In spite of some headwinds from natural gas, there remain some opportunities for green-energy investors. But selecting investments in the current market will be challenging. For example, First Solar (FSLR), a photovoltaics company that was trading at $129/share last summer, was trading around $18 in May. Similarly, Vestas Wind Systems (VWDRY), a wind turbine manufacturer, has seen its stock plummet from $11.5 to less than $3. While stock price does not directly affect a company’s operations, it can hamper its ability to secure operational loans and drive up interest rates on its bonds.
To be successful, the green-energy investor must understand the market drivers. Increased domestic natural gas and oil production are providing the United States with very low conventional energy prices. And they are headed lower as utilities and fleet services convert to gas. NSTAR, for example, a Boston utility, has been converting and has announced electric rate reductions of over 30 percent. These low prices steepen the competitive challenge for renewable generators.
And there are other dynamics. The economic malaise in Europe has forced Germany and Italy to curtail their renewable incentive programs. And domestic fallout over Solyndra has hampered the Obama administration’s loan program for renewable startups.
Still, there are prospects for green energy. Energy costs in overseas markets remain high and many countries have limited fossil fuel distribution systems, making them ideal candidates for renewables. In the United States many incentive programs remain healthy. Ironically, many renewable manufacturers use conventional energy for their processes and will benefit from the lower prices. Diversified green-energy companies who capitalize on these opportunities will flourish.
Many investment vehicles are available to tailor a portfolio to an individual’s goals and risk tolerance. For example, investment-grade corporate bonds can safely produce steady income. On the other hand, stocks (also called equities) can produce spectacular returns, but are volatile. Mutual Funds and Exchange Traded Funds (ETFs) offer a viable means to invest in equities without direct exposure to the risk of individual stocks.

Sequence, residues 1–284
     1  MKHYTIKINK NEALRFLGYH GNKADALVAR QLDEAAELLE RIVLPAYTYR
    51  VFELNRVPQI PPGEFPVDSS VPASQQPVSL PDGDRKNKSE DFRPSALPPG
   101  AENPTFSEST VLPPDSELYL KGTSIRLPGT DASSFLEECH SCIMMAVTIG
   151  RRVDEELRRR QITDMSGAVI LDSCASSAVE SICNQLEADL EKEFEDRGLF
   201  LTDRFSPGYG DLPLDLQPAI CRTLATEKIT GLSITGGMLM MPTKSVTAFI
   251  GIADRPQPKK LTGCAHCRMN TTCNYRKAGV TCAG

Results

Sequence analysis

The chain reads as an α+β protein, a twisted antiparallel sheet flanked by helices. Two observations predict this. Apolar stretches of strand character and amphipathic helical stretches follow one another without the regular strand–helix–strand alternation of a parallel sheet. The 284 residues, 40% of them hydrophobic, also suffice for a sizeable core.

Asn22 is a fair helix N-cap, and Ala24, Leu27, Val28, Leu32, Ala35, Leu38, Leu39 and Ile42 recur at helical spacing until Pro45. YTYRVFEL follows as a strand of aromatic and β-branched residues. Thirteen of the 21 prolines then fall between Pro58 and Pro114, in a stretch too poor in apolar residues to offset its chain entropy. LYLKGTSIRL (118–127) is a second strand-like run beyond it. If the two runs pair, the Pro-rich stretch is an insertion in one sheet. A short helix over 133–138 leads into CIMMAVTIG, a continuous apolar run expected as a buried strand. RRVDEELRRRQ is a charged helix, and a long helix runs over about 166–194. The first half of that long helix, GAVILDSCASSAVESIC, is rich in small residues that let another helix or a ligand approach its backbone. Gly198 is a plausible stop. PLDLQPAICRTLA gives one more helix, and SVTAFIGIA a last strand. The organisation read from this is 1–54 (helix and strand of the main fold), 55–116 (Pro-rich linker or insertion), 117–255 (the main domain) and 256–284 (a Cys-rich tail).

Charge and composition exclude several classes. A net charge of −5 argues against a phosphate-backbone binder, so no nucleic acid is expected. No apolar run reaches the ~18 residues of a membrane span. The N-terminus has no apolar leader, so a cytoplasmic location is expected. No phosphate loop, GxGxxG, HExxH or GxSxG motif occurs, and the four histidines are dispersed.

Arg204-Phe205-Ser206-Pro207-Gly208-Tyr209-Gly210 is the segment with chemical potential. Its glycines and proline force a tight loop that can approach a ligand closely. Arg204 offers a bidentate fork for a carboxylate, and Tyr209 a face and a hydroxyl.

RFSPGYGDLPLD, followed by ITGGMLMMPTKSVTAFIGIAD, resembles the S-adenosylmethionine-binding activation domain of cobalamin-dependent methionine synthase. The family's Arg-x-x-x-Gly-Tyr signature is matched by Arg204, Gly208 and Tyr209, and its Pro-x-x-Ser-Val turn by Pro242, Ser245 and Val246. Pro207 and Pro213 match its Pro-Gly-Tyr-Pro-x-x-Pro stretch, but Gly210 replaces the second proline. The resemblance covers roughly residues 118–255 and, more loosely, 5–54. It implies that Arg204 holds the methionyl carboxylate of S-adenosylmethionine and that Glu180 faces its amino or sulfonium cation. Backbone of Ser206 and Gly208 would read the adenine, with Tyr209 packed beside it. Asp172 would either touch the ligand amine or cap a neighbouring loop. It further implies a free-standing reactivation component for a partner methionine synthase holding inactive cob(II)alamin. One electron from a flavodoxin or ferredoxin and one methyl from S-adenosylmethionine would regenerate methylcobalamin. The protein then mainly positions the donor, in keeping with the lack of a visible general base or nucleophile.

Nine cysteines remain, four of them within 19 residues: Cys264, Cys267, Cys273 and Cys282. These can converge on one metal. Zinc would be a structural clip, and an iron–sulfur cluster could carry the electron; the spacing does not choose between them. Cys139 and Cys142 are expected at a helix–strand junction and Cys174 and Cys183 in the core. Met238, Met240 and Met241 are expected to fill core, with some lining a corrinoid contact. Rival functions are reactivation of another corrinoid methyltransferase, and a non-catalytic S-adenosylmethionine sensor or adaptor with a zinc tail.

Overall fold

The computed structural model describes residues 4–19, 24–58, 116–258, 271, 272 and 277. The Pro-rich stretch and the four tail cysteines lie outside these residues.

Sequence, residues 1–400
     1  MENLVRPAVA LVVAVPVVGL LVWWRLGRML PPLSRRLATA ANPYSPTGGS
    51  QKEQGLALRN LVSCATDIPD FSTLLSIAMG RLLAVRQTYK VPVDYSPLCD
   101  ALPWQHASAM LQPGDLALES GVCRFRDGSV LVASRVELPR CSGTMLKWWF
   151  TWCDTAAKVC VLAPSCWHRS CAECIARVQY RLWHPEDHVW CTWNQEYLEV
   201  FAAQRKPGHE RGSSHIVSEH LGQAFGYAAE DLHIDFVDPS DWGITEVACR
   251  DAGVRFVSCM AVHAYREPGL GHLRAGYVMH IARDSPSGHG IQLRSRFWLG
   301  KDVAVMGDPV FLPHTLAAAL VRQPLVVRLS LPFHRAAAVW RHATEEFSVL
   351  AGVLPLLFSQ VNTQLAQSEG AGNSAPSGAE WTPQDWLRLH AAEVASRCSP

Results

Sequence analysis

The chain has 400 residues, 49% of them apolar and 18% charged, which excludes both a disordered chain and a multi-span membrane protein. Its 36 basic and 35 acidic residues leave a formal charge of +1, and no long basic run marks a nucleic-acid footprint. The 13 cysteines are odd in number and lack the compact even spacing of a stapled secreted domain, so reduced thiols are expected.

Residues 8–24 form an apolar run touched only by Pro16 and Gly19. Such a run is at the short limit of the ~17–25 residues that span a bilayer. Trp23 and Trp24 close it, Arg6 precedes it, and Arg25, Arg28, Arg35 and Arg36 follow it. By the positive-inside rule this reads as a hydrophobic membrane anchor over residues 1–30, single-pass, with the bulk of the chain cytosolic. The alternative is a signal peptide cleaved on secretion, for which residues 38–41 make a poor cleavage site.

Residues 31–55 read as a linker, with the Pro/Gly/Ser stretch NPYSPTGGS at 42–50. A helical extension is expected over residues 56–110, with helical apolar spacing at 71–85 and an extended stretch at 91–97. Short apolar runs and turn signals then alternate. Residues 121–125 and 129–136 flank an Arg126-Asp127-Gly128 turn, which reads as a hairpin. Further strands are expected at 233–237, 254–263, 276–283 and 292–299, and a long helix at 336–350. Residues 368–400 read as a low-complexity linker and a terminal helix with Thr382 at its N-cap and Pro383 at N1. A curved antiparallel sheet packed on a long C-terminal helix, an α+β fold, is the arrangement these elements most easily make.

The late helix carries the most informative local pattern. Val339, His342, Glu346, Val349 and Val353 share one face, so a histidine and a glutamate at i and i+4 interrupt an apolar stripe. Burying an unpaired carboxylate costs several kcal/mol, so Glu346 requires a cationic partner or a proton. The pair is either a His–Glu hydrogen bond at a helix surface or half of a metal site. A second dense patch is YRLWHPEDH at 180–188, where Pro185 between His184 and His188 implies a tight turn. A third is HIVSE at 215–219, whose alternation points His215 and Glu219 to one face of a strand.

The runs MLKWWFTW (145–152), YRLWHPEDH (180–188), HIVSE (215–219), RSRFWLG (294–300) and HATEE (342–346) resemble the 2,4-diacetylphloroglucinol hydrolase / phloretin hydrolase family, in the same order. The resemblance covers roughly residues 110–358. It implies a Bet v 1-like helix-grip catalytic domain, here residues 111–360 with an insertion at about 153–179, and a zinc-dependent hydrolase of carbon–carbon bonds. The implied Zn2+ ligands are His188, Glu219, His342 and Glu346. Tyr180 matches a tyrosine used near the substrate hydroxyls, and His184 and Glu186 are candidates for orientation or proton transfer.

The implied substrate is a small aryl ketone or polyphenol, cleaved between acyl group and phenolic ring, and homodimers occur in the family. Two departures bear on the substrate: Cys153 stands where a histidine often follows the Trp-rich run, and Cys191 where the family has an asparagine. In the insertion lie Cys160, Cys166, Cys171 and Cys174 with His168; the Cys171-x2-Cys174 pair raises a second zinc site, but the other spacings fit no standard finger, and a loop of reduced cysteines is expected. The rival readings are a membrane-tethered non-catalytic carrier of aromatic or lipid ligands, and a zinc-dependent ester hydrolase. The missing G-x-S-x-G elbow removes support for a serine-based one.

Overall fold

A bond is a debt instrument in which a company receives investor money and promises to repay the loan with interest. Maturity periods for bonds range from a few months to decades. The quality of bond — its rating — is based on the integrity of the issuing company. The highest rated bonds pay the lowest interest rates. Long-term bonds pay more than shorter ones.
While smaller renewable energy companies typically do not issue bonds, large ones that are diversified into renewables do. One is General Electric (GE), which operates a wind turbine manufacturing subsidiary.
One can find and buy bonds through a broker or online resources. Yahoo! Finance and Investinginbonds.com provide excellent and free online tools for the do-it-yourselfer. The major brokerage houses, such as Fidelity Investments, offer the same tools plus services, such as managed portfolios, training and counseling.